NOT shinola: (and not prettiful like the shinola pictures, so DO NOT SCROLL DOWN here if you don’t like being grossed out, because if it’s not shinola, then it’s crapola!!)

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(Originally published at mandabach.com. You can comment here or there.)

Monday, January 7th, 2008
10:55 pm
SHINOLA!

From an old song I used to dig from from Todd Rundgren & Utopia,
“Shinola”:

Sung:
I see you’re still in the headlines
You pegged the latest trend again this week
I’m not impressed by the outfit,
Or your revolutionary chic
And here it comes,
I see you forming the words, you’re performing the exercise
And here it comes,
It’s the feeling that I heard the same speech a hundred times:

Screamed:
This is the jabber of a

chimpanzee!!


The motion of your mouth

looks much the same to me!!!


The differentiation might

be hard to see,

But this is crapola!!!

(the political message of the picture, while I don’t
disagree)
is incidental to what I’m talking about)

Sung, very melodically, with harmony:


This is shinola–

shinola!!!

Spoken:
Everyone’s talking, few of them know
The rest are pretending, they put on a show
And if there’s a message I guess this is it
Truth isn’t easy, the easy part’s shit:

(Originally published at mandabach.com. You can comment here or there.)

Sunday, January 6th, 2008
11:01 pm
viral

I keep thinking about this, from Publishers Weekly:

Yes, teens spend a lot of time online. But for publishers trying to use that to their advantage, it takes

more than just shifting promotional dollars to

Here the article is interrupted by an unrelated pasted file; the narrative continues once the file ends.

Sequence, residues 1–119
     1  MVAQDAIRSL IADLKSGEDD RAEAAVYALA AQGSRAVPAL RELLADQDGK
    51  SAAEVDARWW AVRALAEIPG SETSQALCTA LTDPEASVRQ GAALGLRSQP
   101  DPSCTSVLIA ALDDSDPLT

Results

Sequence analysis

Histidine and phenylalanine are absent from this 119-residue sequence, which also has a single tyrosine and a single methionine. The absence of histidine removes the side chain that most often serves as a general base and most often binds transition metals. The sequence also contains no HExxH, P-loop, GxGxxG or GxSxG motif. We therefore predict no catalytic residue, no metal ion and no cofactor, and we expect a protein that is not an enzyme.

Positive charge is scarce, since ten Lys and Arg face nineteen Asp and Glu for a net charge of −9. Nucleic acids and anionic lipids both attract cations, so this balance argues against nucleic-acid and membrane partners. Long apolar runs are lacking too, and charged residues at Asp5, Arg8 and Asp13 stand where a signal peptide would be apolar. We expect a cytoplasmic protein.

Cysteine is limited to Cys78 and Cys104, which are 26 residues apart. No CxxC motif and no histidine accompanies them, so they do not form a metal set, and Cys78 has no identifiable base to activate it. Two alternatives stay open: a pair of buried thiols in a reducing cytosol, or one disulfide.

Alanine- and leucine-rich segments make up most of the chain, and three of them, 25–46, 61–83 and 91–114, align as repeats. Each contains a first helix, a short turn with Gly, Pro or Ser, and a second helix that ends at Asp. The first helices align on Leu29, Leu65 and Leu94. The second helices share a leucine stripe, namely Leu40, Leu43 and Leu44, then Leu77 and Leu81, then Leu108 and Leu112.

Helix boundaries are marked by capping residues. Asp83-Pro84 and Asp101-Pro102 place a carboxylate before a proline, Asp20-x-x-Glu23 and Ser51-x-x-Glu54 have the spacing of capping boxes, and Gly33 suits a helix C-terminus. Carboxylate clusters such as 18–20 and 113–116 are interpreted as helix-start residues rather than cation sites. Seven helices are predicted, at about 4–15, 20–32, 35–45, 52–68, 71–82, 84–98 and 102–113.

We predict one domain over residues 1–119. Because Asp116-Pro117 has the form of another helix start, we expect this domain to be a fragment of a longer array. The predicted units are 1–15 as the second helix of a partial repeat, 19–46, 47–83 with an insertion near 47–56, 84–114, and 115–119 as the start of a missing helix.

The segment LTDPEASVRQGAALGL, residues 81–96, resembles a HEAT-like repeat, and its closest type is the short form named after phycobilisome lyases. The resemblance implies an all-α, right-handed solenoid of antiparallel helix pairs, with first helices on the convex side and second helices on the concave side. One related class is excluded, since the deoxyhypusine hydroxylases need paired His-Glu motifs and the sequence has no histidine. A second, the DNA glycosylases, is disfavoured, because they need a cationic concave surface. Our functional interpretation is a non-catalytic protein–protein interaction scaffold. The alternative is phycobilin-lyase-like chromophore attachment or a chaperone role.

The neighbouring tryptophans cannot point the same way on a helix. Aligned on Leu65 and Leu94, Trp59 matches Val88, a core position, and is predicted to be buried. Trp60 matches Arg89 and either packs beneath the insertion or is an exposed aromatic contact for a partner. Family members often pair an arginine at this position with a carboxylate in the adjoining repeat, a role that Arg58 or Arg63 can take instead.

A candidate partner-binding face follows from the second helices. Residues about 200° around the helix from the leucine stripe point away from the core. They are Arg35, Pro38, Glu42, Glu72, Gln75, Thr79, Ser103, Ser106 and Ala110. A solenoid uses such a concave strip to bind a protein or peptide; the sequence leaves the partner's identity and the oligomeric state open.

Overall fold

the Web. “Part of the trick to marketing

books to teens online is that the most

effective results seem to come from the

coverage that appears most organic,

viral and uncommercial in

nature,” says Tracy van Straaten, v-p of

trade publicity at Scholastic.

wtf? 




(Originally published at mandabach.com. You can comment here or there.)

12:12 pm
of-the-people, bottom-up, nonhierarchical

Dictionary
grass roots (also grassroots |–gras?ro–ts|)
plural noun
the most basic level of an activity or organization : the whole campaign would be conducted at the grass roots. | [as adj. ]
• ordinary people regarded as the main body of an organization’s membership : you have lost touch with the grass roots of the party.

Thesaurus
grassroots
adjective
a grassroots movement: popular, of-the-people, bottom-up, nonhierarchical, rank-and-file.

(Originally published at mandabach.com. You can comment here or there.)

Wednesday, January 2nd, 2008
11:45 pm
Book Lists, Recs, Reviews: Teen Book Reviewer and Melissa’s POISED AT THE EDGE

I promised Em that I would post some book recommendations on my blog, but I am sick and lazy, so I will just point out a couple of links:


Teen Book Reviewer missed her goal of reading 365 books last year, but she did read over 300! Here is her myspace, and here’s a link to her 30 favorites of the year.


Melissa has a myspace blog, Poised at the Edge, filled with reviews, interviews, etc. Melissa is a great resource when you’re looking for a good read.

And there’s also the Cybils! Short list of young adult novels coming on 1/7!!

(Originally published at mandabach.com. You can comment here or there.)